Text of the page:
Benjamin Smith (1756-1826) owned what is now Bald Head Island and was once known as Smith’s Island. Born on January 10, 1756, in present-day Brunswick (then New Hanover) County, he came from a family of considerable wealth and social standing. His father Thomas was a prosperous planter and the grandson of Landgrave Thomas Smith of South Carolina. His mother Sarah was the daughter of “King Roger” Moore, owner of Orton plantation and long-time member of the colonial Council of State. Little is known of Smith’s early youth or education, but in 1774 he was admitted to the Middle Temple of London’s Inns of Court. Benjamin Smith’s wife was the former Sarah Rhett Dry, daughter of Colonel William Dry, collector for the Port of Brunswick. They were the parents of two adopted children.
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After returning from London, Smith fought with distinction in the Revolution, serving under George Washington in New York and with William Moultrie in South Carolina. By the war’s end he had risen to the rank of colonel. In 1784 he was elected to the Continental Congress, but there is no evidence of his attendance. During that same year he represented Brunswick County in the upper house of the General Assembly. Later he was elected to the state constitutional conventions of 1788 and 1789. Smith represented Brunswick County in the state House from 1789 to 1792 and in the Senate from 1792 to 1800, from 1804 to 1810, and once again in 1816. From 1795 to 1799 he served as speaker of the Senate. Strongly affiliated with the Federalists throughout his early years in the legislature, Smith was later associated with the Republican Party.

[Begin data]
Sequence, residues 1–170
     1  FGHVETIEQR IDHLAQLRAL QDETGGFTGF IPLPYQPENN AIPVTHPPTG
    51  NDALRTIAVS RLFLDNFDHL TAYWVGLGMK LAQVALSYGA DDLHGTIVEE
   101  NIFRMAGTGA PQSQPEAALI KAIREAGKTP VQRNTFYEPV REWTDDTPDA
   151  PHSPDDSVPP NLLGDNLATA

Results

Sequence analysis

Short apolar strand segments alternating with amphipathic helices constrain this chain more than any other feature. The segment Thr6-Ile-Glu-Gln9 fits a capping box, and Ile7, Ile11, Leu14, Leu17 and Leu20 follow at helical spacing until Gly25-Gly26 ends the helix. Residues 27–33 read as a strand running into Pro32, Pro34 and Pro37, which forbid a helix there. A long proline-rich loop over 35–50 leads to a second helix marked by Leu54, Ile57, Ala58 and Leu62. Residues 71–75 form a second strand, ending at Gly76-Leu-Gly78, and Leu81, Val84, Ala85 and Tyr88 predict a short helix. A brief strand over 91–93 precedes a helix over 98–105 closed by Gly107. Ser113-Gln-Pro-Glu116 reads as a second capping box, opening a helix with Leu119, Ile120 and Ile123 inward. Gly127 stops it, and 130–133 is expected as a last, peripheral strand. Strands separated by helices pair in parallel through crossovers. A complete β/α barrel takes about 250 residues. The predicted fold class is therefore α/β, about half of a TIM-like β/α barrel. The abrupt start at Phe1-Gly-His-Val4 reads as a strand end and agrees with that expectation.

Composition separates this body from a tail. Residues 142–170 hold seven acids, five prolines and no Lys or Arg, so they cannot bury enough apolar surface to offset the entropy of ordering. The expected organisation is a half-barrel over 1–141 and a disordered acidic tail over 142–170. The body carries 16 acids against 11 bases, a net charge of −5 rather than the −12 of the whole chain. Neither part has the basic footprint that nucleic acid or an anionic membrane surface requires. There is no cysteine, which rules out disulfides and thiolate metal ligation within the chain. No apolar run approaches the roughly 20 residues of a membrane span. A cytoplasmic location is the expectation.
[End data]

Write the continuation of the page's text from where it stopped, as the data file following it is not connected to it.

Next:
When the University of North Carolina was chartered in 1789, Smith was named to the original board of trustees and donated 20,000 acres of land in present-day Tennessee to the school as an endowment. Thereafter, he remained a trustee until 1824. During much of the period he was under contract with the federal government to rebuild and expand Fort Johnston at Smithville (now Southport), the town established and named in his honor in 1792. In 1789 he purchased the tract at the mouth of the Cape Fear River that came to be known as Smith Island and in 1794 he sold the federal government land for construction of the first lighthouse on that landmass. In 1797 he was promoted to major general in the state militia; in 1807 he served as the state’s adjutant general.
Smith was elected governor on December 1, 1810. He served a single term, declining to stand for reelection. As chief executive, he advocated reforms in the penal system, encouragement of industry, revitalization of the militia, and the establishment of an educational system “within the reach of every child in the state.” His complaint that the governor’s accommodations in Raleigh were not “fit for the family of a decent tradesman” may well have hastened construction of the first executive mansion, which was completed three years later.
Following his governorship, Smith returned to Brunswick County and to the life of a prosperous planter. His once enormous wealth, however, was increasingly ravaged by financial misfortunes, personal extravagance, and long-term debt obligations. Over the years Smith had several residences in Brunswick County, at Orton, at Smithville, and at “Belvedere.” Much of Smith’s personal correspondence is dated at “Belvedere.” It was there that he entertained President George Washington in 1791. It was at the dilapidated Smithville residence that he died, a virtual pauper, on January 26, 1826. Initially buried at Smithville, he was later interred in the churchyard of St. Philips at Brunswick Town. “Belvedere” was located in the Navassa section of Brunswick County north of the present bridge across the Cape Fear River bridge into Wilmington. The “Seat of G. Smith” is clearly shown on the 1808 Price-Strother map.
William S. Powell, ed., Dictionary of North Carolina Biography, V, 370-371—sketch by Dorothy Fremont Grant
Samuel A. Ashe, ed., Biographical History of North Carolina, II, 407
Collier Cobb, “Governor Benjamin Smith,” North Carolina Booklet (October 1911), 158-168
Benjamin Smith Papers, North Carolina State Archives
Lawrence Lee, History of Brunswick County (1978)
Henry J. MacMillan, “Colonial Plantations of the Lower Cape Fear,” Lower Cape Fear Historical Society Bulletin (February 1969)
(Wilmington) Cape Fear Recorder, May 9, 1832
Delbert H. Gilpatrick, Jeffersonian Democracy in North Carolina, 1789-1816 (1931)
Robert Sobel and John Raimo, eds., Biographical Directory of the Governors of the United States, 1789-1978, III (1978)